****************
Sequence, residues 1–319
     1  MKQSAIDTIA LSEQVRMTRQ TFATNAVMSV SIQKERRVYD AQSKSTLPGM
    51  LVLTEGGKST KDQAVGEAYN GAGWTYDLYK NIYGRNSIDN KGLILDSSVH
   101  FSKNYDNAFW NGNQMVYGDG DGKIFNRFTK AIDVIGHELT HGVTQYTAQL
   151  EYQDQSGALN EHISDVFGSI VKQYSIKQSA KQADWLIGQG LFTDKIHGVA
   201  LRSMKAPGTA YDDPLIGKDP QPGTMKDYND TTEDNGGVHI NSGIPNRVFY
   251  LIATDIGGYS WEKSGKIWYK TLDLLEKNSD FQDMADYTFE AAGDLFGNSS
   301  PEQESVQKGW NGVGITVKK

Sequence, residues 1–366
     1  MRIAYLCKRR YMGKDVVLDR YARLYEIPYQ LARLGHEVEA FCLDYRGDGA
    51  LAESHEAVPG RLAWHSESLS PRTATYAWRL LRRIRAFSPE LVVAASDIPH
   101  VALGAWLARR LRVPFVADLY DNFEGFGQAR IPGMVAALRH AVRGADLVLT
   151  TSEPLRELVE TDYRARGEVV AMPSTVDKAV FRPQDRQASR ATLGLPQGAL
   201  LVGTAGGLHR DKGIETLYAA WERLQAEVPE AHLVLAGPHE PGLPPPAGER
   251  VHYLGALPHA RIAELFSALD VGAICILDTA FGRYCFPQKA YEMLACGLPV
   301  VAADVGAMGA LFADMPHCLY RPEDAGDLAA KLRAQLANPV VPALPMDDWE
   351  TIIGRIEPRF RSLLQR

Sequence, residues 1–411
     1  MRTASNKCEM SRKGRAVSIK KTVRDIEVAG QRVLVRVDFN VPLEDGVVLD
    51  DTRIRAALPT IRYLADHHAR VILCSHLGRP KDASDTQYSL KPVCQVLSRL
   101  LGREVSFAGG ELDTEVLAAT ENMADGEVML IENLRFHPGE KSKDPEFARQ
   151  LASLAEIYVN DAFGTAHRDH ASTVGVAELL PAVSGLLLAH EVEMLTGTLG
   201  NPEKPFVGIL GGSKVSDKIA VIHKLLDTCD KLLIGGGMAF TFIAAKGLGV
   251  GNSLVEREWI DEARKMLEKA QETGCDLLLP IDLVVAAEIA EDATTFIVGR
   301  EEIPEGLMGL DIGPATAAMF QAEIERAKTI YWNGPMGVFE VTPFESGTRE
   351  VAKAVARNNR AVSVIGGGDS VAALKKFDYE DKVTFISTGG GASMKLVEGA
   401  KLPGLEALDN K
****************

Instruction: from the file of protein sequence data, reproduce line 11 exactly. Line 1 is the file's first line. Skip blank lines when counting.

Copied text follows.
    51  LAESHEAVPG RLAWHSESLS PRTATYAWRL LRRIRAFSPE LVVAASDIPH